Regards,
Greg

On Sun, Apr 1, 2018 at 8:17 PM, Ashesh Mishra <mishra.ashesh@outlook.com>
wrote:

> Hi Sasha,
>
>
> There are two scenarios here and they depend on whether the satellite is
> in geo-stationary orbit (GEO) or non-geo-stationary orbit (NGSO).
>
>
> Scenario-1: Non-Geostationary Satellites: This is the scenario that you
> described. Satellites in Middle Earth Orbit (MEO) or Low Earth Orbit (LEO)
> move relative to the earth and hence, their distance from the ground
> terminals varies as they pass over a given location. This results in
> varying RTT (sometimes by as much as 30ms). The issue in this scenario is
> not necessarily that the BFD detect interval must change frequently but
> that it's difficult to accurately select the intervals as the RTT depends
> on the location of the terminal and the gateway (and this gets quite
> complex). If the session can automatically decide the interval, then the
> complexity in starting a new service is reduced. Another complicating
> factor is when the terminal moves (ship or aircraft, for example) as this
> increases the variance of the RTT. We typically set the intervals to a high
> enough level but that affects the performance. We see the same varying RTT
> in GEO when the terminal is mobile but the percentage change is much
> smaller than the overall RTT of GEO (because GEO satellites are much
> farther away from the earth at ~36,000kms vs MEO at ~8,000kms and LEO at
> ~200-1000kms).
>
>
> Scenario-2: Low-latency link backed up by high-latency link: In this case
> a GEO satellite backs up NGSO-based connection or fiber (or other
> terrestrial wired/wireless WAN options). The end-to-end service then has
> very different RTT when the primary is active versus when the backup is
> active. The typical solution is to base timers on the backup RTT, which is
> very inefficient.
>
>
> Regards,
>
> Ashesh
> ------------------------------
> *From:* Alexander Vainshtein <Alexander.Vainshtein@ecitele.com>
> *Sent:* Sunday, April 1, 2018 9:28:43 AM
> *To:* Ashesh Mishra
> *Cc:* Jeffrey Haas; rtg-bfd@ietf.org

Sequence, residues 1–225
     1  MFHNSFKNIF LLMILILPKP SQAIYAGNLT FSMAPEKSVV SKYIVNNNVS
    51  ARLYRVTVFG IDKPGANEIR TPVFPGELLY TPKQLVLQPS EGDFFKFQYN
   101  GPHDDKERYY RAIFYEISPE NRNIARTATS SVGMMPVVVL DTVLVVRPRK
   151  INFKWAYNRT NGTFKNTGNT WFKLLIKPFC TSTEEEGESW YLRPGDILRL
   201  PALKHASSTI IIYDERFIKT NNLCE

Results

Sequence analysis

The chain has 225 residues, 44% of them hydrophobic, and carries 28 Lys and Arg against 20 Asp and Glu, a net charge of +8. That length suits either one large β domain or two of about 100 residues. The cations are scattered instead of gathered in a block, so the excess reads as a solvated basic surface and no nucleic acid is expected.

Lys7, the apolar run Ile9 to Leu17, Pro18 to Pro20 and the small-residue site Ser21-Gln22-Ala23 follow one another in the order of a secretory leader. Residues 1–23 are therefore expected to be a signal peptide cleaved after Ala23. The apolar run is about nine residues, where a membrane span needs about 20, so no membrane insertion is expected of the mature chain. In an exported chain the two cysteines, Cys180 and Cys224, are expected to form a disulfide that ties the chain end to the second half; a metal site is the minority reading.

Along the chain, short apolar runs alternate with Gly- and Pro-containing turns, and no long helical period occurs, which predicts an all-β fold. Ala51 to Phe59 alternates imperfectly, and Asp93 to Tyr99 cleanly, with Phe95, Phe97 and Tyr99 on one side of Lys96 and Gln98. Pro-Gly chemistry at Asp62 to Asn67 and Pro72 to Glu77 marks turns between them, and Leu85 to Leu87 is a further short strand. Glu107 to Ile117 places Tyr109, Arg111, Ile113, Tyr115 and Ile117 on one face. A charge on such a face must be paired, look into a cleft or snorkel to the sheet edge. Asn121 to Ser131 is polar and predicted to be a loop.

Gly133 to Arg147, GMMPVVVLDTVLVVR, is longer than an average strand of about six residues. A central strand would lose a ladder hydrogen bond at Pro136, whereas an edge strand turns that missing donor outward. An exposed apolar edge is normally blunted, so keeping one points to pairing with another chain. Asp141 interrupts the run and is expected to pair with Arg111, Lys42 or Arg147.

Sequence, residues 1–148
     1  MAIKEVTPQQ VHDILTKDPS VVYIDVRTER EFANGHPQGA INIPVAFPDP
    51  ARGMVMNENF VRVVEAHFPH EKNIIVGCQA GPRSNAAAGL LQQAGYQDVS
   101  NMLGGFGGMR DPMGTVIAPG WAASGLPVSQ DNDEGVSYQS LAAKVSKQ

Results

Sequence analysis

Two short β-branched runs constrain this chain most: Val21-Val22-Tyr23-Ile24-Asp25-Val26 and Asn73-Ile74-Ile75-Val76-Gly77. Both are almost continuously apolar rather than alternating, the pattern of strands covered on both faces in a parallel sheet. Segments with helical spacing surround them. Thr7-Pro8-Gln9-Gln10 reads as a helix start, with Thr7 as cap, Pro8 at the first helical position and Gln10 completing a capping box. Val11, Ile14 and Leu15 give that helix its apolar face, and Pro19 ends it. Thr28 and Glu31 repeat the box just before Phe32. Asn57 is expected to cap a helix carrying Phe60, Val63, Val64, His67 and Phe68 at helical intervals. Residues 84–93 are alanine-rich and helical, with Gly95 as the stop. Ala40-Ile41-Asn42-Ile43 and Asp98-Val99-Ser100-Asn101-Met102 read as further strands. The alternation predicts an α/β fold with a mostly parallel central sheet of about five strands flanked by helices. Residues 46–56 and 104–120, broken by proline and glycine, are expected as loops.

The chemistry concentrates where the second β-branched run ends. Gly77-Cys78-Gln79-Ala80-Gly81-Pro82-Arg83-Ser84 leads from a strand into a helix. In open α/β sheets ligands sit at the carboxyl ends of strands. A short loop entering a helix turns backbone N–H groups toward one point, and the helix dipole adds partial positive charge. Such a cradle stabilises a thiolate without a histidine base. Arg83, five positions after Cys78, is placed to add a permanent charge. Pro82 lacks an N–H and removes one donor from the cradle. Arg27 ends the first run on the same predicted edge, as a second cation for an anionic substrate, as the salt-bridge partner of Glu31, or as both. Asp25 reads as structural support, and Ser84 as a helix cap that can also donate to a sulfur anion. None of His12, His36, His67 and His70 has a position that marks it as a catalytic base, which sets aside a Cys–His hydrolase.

> *Subject:* RE: Tuning BFD session times
>
>
> Ashesh,
>
> I would like to understand better the use case with satellite links that
> you have described.
>
> In particular, can you please explain why long RTT affects the BFD
> detection times?
>
> As I see it, what could really affect these times is variable delay
> introduced in some cases by the satellite links since the distance between
> the satellite and the terrestrial antennae may change significantly with
> time.
>
>
>
> What did I miss?
>
>
>
> Regards,
>
> Sasha
>
>
>
> Office: +972-39266302 <+972%203-926-6302>
>
> Cell:      +972-549266302 <+972%2054-926-6302>
>
> Email:   Alexander.Vainshtein@ecitele.com
>
>
>
> *From:* Rtg-bfd [mailto:rtg-bfd-bounces@ietf.org] *On Behalf Of *Ashesh
> Mishra
> *Sent:* Sunday, April 1, 2018 5:54 PM
> *To:* Jeffrey Haas <jhaas@pfrc.org>; rtg-bfd@ietf.org
> *Subject:* Re: Tuning BFD session times
>
>
>
> Jeff, thanks for kicking-off this discussion on the list!
>
>
>
> One additional comment that I wanted to make was around automation. There
> were questions during the meeting around the need for auto-tuning and that
> the process of determining the interval can/should be manual.
>
>
>
> The automation of control in all aspects of dynamic behavior is a priority
> for network operators. When configuring manually, parameters such BFD
> intervals are typically set at very conservative values because human
> latency is very high when responding to changing network conditions. Manual
> configuration also takes a lot of time and is accounts for significant
> number of lost opportunities and value for operators.
>
>
>
> *[JH] "**applications should generally choose a detection interval that
> is reasoanble for their application rather than try to dynamically discover
> the lowest possible stable detection interval. **"*
>
> [AM] This depends on the use-case. From the point-of-view of a service
> provider that delivers long-haul connectivity (typical scenario in which
> the link characteristics have large variance) then the intent is to provide
> the best performance. As such providers deliver connectivity to critical
> applications, and are often the only way of delivering connectivity in such
> places, the ability to tune the system to deliver an up-time that is
> superior drives significant value. Consider a scenario where there is a
> 130ms RTT link (MEO satellite, LEO will be in the 20-60ms range) and its
> backup is a 600ms RTT link (GEO satellite), and are being used to deliver
> transit connectivity. The rate at which the end-to-end service can run BFD
> is significantly faster when MEO is active versus when GEO is active. The
> application, in this scenario, may survive the RTT, but the business
> continuity is critical in many cases. Since the provider of long-haul can
> not control the application, it must provide the best possible failover
> performance.
>
>
>
> *[JH] "1. BFD is asymmetric..  This means a receiving BFD implementation
> must provide feedback to a sending implementation in order for it to